Research Center for Digital Adaptive Manufacturing for Industry 4.0
Edge Computing – an emerging research field
Edge computing is one of the drivers for future industries and a fundamental component in 5G networks, says Professor Javid Taheri. He has recently published a reference book on the subject, Edge Intelligence: From Theory to Practice. The book provides a valuable introduction to a nascent field of research.
What are the current shortcomings of cloud computing systems that Edge Computing solves?
Karlstad University starts a new master's program
Karlstad University receives grant of 2 million SEK from the Knowledge Foundation to develop a high in-demand Master’s programme in data-driven mechanical engineering.
- There is an increasing demand for this type of programme, says Anton Tkachuk, Lecturer in Mechanical Engineering and project manager in the development of the Master’s programme. The challenge is to create a degree programme that addresses areas such as data-driven approach and digitalisation tools.
Edge computing optimizes services for smart maintenance and remote support
The DRIVE sub-project 3 “Service optimization in federated edge platforms“ aims to design and develop artificial intelligence and machine learning based solutions to optimize the performance of augmented reality and virtual reality services on user-edge-cloud continuum platforms. With this in place, smart maintenance techniques providing remote service and assistance could run more smoothly.
Edge computing is the next generation of computing platforms to bring computing to where the data is created or required processing, instead of at its core, as is the case with cloud computing. Less network bandwidth is then being used, and the communication latency will be much lower, and significantly improve the performance of the desired service.
The antenna takes research on the conditions for information transfer to new heights
Karlstad University has research equipment in several places in its premises. Now it could also be found outdoors. Since February, a Starlink antenna has been installed on the roof of the building where the Computer Science researchers are located. The antenna can now be used to measure the performance of satellite internet connections, a welcome addition to ongoing measurements of 5G and Wi-Fi network performance.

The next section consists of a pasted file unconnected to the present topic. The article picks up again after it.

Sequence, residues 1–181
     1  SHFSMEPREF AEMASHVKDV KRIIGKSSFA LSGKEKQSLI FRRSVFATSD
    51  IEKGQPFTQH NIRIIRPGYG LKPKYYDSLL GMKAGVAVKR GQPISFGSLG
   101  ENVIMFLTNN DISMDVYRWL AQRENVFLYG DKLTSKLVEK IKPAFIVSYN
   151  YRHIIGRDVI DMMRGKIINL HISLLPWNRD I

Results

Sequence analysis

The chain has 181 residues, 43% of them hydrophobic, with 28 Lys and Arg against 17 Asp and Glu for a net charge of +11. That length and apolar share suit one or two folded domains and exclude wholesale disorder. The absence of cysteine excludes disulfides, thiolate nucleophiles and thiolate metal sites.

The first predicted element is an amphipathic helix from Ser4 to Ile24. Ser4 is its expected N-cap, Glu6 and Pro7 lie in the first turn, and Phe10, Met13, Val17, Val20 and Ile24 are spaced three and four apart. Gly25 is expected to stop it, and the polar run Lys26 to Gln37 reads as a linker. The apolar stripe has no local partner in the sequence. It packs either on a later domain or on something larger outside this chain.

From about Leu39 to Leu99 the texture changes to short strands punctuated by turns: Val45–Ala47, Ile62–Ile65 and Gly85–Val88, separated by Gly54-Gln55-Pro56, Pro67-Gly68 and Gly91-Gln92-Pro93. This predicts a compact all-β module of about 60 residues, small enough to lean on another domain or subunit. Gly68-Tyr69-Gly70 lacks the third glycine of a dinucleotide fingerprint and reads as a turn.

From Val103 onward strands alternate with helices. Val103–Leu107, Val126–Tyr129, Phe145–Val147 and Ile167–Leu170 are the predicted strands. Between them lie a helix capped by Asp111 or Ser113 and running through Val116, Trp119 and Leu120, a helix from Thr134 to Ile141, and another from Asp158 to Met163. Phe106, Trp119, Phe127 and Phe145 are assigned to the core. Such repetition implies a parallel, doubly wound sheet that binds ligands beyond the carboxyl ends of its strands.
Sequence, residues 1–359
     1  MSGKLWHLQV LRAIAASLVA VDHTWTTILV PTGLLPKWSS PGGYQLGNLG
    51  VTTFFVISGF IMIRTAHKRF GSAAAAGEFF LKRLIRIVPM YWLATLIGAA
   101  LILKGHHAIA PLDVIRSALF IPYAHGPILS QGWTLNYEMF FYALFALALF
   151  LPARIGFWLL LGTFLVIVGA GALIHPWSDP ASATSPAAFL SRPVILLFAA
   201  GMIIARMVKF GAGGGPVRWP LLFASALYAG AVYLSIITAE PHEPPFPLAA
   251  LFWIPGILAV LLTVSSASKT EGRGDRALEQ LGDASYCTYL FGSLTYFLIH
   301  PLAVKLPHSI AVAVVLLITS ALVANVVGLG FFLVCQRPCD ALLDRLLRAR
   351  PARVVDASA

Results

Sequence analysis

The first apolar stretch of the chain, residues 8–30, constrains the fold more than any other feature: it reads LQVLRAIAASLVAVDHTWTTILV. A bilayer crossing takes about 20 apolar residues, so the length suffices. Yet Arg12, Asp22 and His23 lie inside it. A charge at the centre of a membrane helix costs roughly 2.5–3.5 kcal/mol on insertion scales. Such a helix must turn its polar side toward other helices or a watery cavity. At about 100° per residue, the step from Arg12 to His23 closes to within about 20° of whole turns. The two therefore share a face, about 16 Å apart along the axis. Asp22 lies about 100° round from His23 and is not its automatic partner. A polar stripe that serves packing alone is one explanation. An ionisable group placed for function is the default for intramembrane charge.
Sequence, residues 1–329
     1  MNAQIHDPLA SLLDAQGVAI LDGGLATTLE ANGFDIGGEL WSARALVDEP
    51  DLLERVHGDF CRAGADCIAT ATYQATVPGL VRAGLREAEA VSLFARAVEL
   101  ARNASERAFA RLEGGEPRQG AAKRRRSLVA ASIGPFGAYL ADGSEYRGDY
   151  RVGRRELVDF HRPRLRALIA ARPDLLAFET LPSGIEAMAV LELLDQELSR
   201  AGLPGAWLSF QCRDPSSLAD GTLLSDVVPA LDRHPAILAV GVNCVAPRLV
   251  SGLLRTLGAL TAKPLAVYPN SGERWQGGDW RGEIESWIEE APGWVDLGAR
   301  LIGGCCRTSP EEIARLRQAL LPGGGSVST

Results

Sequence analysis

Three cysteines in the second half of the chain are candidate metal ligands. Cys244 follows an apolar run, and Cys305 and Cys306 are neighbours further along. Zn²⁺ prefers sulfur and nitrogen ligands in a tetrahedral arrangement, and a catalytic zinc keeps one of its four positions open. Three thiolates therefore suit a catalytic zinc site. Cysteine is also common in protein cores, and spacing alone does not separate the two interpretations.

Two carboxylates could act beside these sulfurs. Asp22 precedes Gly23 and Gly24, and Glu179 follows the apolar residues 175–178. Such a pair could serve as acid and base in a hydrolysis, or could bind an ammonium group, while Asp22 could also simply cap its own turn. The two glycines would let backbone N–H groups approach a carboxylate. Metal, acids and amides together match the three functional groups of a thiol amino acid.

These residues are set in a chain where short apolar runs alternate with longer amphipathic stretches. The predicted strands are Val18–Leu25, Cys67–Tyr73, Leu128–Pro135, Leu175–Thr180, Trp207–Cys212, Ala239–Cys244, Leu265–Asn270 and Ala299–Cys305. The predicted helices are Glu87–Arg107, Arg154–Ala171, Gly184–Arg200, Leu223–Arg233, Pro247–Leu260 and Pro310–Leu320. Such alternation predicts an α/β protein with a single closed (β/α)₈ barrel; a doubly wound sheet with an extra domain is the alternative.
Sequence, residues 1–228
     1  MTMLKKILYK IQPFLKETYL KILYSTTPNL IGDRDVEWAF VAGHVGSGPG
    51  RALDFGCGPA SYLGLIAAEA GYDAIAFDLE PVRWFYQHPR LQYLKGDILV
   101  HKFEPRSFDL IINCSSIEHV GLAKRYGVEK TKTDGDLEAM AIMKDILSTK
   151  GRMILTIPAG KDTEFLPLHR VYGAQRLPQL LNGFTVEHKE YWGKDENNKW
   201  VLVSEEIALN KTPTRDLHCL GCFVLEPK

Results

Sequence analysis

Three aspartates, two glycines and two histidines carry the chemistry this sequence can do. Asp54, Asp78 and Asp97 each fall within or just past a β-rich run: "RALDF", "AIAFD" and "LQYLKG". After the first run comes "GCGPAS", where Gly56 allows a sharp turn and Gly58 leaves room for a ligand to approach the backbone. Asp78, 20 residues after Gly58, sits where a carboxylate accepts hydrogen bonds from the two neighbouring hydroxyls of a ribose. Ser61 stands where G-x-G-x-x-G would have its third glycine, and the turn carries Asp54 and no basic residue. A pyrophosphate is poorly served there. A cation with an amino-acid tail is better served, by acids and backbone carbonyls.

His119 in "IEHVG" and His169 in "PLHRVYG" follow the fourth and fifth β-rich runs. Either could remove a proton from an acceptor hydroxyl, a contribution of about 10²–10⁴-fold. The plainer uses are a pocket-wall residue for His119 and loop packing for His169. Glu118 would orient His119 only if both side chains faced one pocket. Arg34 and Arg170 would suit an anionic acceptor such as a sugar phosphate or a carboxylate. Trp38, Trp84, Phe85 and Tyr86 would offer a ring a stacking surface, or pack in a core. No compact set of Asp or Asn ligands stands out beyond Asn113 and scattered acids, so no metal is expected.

- Our research is about information transfer, sending data over the internet, says Stefan Alfredsson, senior lecturer in Computer Science. There are different ways to connect to the internet, such as via mobile networks, Wi-Fi, 5G or satellite systems. The antenna we installed on the roof is part of the Starlink satellite system. We measure the bandwidth, latency and reliability of the Starlink connection and compare how well it works with other connection options.
Train connectivity tests on aggregated connectivity resulted in a Best Paper
How reliable are different methods for connecting to mobile networks to support train signaling systems? This is what Professor Anna Brunström and Associate Professor Johan Garcia at Karlstad University have investigated in collaboration with DRIVE partner Icomera. Their work was recently highlighted in the trade press and has previously been rewarded with a Best Paper award at the IEEE 36th International Workshop on Communications Quality and Reliability (CQR) in Virginia, USA, for the paper "Measuring and Modeling Aggregate LTE Connection Reliability for Train Operators".
Tests were conducted on 50 train sets operating on the Malmö-Stockholm route during the 2019-2021 time period. The assumption was that aggregated connectivity, i.e. multiple simultaneous connections, increases reliability and provides a more stable support for connectivity.
Real life 5G network measurements in Rome
As part of the DRIVE project, real life measurements of 5G networks are now taking place in Rome, Italy, where two large mobile operators are up to proof in terms of coverage, connectivity, latency and throughput performance.
In Dec. 2020 - Jan. 2021, a large-scale measurement campaign took place in major parts of Rome, Italy, to analyze the ongoing evolution of the mobile cellular ecosystem and the initial rollout of 5G Non-Standalone operational networks.